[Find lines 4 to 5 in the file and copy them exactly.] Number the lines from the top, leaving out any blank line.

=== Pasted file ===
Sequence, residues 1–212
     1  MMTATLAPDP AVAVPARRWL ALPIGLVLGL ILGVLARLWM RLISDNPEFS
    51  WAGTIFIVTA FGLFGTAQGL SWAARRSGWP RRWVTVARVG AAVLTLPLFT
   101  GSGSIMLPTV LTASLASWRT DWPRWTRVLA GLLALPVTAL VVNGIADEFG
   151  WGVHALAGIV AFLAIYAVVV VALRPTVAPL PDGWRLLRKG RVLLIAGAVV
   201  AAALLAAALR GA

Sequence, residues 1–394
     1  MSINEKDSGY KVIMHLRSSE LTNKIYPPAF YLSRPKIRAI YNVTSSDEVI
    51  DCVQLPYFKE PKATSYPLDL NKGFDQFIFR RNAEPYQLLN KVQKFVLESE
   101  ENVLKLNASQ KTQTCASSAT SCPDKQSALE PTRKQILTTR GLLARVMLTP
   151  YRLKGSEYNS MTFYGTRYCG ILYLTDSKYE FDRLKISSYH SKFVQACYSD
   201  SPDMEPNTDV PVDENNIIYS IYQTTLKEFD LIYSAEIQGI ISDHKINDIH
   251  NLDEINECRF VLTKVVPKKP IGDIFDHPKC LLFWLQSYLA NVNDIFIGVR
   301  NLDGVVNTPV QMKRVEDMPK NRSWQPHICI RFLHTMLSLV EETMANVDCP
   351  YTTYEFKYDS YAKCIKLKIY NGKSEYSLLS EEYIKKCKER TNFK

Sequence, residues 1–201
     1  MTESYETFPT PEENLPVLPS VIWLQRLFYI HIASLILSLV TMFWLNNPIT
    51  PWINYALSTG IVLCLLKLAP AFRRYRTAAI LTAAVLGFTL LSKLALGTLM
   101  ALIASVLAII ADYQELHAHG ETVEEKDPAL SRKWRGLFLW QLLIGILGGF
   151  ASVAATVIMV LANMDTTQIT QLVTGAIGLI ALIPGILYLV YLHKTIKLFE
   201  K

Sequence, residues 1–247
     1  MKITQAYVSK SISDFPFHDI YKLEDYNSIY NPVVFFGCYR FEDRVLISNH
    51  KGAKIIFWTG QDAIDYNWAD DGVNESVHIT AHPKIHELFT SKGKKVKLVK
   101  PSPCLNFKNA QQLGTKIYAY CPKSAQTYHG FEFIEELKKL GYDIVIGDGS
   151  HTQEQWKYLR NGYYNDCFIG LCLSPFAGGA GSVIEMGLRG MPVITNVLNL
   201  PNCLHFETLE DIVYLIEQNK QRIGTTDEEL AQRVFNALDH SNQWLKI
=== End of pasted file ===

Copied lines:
   101  GSGSIMLPTV LTASLASWRT DWPRWTRVLA GLLALPVTAL VVNGIADEFG
   151  WGVHALAGIV AFLAIYAVVV VALRPTVAPL PDGWRLLRKG RVLLIAGAVV